Lucky Grandma (Sasie Sealy) 

Ma Rainey’s Black Bottom (George C. Wolfe) 

Marona’s Fantastic Tale (France, Anca Damian) 

Nomadland (Chloe Zhao)

Our Mothers (Guatemala, Cesar Diaz) 

The Painted Bird (Czech Republic, Vaclav Marhoul) 

Promising Young Woman (Emerald Fennell) 

Shirley (Josephine Decker) 

Yes, God, Yes (Karen Maine) 

Young Ahmed (Belgium/France, Jean-Pierre & Luc Dardenne)

Zana (Kosovo, Antoneta Kastrati) 

Even compiling that long list required a lot of painful exclusions, including (in no particular order) Farewell AmorNever Rarely Sometimes AlwaysThe OutpostShithouseThe AssistantA White White DayBullThe Wolf HouseBeckyThe SurrogateAround the Sun12 Hour ShiftMr. JonesBeasts Clawing at StrawsExtra OrdinaryRetaliationCome As You AreThe Invisible ManRelic, and The Wretched. Not to mention a few things that just didn’t quite qualify, like the five-episode, seven-hour Small Axe, which deserves plaudits, but isn’t really a “feature film” (or even five of them). 

It was even harder with documentary features. This list is the tip of an iceberg that (unlike the literal kind) seems to get bigger every year. Ultimately we had to go with what stuck with us and simply made the most impression, omitting a large number of worthy titles that were important in terms of subject matter (City HallMr. Soul!White Noise, etc.) or as investigative reporting (CollectiveKingdom of SilenceAthlete A et al.), but maybe a little less striking as cinematic art. 

DOCUMENTARY FEATURES:

Boys State (Amanda McBaine, Jesse Moss) 

Capital in the Twenty-First Century (France/New Zealand, Justin Pemberton) 

‘The Cordillera of Dreams’ focuses on geology, political atrocities, and the mountain ranges that separate Chile from ‘the world’

The Cordillera of Dreams (Chile/France, Patrizio Guzman) 

Feels Good Man (Arthur Jones)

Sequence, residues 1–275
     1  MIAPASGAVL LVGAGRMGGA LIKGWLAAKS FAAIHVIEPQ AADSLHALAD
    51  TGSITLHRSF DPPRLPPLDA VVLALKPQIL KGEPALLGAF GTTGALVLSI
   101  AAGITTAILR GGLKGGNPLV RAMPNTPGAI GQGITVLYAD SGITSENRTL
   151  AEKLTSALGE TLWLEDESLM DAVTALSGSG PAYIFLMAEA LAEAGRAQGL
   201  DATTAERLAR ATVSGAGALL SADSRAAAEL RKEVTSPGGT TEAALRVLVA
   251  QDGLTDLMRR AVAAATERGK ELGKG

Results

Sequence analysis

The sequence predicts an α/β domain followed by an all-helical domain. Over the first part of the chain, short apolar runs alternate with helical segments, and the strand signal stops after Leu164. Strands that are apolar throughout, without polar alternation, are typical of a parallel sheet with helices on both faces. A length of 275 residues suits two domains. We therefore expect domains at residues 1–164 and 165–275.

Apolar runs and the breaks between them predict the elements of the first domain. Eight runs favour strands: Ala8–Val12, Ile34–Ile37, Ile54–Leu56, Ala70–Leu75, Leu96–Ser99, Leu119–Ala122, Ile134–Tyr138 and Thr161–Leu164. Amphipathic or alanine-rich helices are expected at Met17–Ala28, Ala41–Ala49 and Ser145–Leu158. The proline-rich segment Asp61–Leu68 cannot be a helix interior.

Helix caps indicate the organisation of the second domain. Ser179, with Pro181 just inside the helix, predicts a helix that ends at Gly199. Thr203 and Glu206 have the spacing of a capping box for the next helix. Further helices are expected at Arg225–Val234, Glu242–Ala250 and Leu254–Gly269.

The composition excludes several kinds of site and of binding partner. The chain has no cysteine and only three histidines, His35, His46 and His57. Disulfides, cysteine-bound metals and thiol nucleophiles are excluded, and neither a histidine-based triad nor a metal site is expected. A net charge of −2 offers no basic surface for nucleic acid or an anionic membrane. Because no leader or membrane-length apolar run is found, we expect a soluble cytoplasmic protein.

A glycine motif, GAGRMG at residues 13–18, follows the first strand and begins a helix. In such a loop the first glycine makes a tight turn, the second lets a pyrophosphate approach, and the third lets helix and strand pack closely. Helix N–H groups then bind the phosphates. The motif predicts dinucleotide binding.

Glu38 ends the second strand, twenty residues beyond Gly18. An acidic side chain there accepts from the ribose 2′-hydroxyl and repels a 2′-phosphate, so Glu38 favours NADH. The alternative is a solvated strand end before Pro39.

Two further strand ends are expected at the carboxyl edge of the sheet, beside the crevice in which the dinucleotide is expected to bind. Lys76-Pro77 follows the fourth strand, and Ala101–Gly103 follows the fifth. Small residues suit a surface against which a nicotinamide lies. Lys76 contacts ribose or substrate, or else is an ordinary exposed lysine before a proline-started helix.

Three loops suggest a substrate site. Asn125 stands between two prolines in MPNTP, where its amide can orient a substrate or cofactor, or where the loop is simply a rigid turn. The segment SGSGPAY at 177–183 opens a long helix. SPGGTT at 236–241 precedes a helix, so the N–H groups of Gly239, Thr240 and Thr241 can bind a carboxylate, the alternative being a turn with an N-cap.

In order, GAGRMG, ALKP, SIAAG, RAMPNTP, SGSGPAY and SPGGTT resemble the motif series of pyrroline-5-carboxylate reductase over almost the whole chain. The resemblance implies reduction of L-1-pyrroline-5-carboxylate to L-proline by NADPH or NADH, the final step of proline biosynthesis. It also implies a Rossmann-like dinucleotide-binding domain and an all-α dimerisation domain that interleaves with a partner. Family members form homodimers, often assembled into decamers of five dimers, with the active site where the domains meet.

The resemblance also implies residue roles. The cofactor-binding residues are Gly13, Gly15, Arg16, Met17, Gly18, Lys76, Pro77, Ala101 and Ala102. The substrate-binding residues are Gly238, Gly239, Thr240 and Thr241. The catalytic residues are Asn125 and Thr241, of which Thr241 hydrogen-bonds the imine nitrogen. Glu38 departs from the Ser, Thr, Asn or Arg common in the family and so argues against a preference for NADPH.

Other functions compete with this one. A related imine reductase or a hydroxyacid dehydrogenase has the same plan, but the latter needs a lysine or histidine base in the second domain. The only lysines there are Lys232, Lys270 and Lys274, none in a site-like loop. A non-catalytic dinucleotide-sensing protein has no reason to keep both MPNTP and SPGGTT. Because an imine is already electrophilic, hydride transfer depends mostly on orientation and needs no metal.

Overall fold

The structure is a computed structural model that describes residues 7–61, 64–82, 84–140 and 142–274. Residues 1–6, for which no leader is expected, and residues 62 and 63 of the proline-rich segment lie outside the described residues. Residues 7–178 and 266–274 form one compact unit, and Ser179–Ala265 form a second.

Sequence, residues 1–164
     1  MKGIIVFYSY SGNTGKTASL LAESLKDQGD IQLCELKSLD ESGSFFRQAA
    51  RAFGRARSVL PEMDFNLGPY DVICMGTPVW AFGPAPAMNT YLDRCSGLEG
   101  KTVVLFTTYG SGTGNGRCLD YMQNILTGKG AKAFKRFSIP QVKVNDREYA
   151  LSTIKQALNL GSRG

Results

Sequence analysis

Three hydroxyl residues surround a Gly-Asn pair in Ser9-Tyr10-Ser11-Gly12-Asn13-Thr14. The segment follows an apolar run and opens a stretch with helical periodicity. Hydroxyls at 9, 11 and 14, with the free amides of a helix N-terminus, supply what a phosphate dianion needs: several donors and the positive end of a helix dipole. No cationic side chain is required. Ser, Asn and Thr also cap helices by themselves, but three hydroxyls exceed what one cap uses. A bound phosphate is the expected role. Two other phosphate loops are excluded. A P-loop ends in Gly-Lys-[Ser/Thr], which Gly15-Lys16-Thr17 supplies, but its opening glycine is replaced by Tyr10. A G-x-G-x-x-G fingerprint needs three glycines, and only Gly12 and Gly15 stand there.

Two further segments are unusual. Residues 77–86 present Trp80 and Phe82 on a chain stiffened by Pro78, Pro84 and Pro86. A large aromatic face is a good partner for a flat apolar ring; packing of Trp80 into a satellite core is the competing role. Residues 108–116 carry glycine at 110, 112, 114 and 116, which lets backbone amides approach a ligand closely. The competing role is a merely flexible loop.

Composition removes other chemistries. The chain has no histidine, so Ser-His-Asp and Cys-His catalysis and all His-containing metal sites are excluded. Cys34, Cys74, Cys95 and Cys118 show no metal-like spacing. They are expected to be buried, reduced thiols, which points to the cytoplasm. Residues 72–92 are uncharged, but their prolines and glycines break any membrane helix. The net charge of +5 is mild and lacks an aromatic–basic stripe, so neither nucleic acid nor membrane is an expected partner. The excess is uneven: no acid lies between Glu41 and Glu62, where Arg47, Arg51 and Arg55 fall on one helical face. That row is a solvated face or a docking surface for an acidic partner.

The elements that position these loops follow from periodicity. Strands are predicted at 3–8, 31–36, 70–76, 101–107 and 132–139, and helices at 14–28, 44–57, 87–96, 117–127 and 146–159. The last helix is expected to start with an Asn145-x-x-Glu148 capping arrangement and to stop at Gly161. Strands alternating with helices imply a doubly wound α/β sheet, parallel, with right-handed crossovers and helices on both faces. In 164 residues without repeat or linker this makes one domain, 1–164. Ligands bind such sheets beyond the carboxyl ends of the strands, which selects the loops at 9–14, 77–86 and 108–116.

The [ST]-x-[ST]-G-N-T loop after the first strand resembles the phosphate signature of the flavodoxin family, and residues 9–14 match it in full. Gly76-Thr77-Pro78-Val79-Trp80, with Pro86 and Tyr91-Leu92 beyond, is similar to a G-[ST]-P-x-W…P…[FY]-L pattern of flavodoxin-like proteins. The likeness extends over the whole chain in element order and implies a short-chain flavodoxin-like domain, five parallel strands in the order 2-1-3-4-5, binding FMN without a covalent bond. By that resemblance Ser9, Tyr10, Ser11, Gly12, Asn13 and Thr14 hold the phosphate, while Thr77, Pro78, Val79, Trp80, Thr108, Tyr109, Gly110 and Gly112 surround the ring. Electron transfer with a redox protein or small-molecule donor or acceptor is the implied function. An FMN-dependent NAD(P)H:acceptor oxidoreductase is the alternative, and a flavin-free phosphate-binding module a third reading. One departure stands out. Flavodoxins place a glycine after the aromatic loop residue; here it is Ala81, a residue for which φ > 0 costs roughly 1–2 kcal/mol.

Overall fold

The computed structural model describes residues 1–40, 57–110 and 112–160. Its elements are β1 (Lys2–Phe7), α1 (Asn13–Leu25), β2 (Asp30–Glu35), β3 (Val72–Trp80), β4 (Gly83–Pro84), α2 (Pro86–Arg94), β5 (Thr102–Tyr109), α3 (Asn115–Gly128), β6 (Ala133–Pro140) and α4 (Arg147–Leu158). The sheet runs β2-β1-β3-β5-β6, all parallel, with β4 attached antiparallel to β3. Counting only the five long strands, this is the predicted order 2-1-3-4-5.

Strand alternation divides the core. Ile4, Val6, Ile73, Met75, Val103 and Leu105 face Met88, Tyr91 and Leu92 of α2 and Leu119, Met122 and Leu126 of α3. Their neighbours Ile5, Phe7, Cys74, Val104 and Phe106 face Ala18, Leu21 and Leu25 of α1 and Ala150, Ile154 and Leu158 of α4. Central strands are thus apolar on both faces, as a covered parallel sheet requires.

The Fight (Eli Despres, Josh Kriegman, Elyse Steinberg) 

The Guardian of Memory (Mexico, Marcela Arteaga) 

Human Nature (Adam Bolt) 

‘Mayor’: You think your job is hard? Walk a mile in the mayor of Ramallah’s shoes

Mayor (Palestine, David Osit) 

Red Penguins (U.S./Russia, Gabe Polsky) 

Santiago, Italia (Italy/France/Chile, Nanni Moretti) 

The Social Dilemma (Jeff Orlowski) 

Spaceship Earth (Matt Wolf) 

You Don’t Nomi (Jeffrey McHale) 

Elizabeth Berkley’s stunningly camp ‘Showgirls’ performance is redeemed in ‘You Don’t Know Nomi,’ one of the year’s best documentary films.

Plus, because why not … here’s a litter-pick among recent restorations given significant 2020 re-releases, if mostly to “virtual cinemas” (and then regular home formats.) It’s funny that so many of them date from the 1980s and ‘90s, decades not particularly renowned for great filmmaking—but perhaps simply enough time has passed now that their hidden gems are deemed worthy of excavation. 

BEST REVIVALS:

Beau Travail (1999, France, Claire Denis) 

Come and See (1985, USSR, Elem Klimov) 

Elvis: That’s the Way It Is (1970, Denis Sanders)

The Hand (2004, Hong Kong, Wong Kar-Wai) 

The Hole (1998, Taiwan, Tsai Ming-liang) 

Tsai Ming-liang’s 1998 film ‘The Hole’ makes something both plaintive and flamboyant out of an odd, small concept that requires little beyond his two favorite actors, well worth a revival in 2020.

Jazz on a Summer’s Day (1959, Bert Stern & Aram Avakian) 

Johanna d’Arc of Mongolia (1989, West Germany/France, Ulrike Ottinger) 

Route One/USA (1989, U.K./France/Italy, Robert Kramer) 

Satantango (1994, Hungary, Bela Tarr) 

Thousand Pieces of Gold (1990, Nancy Kelly) 

Let’s hope 2021 safely brings back the theatrical moviegoing experience, among many other things we never expected to be deprived of, or miss so badly.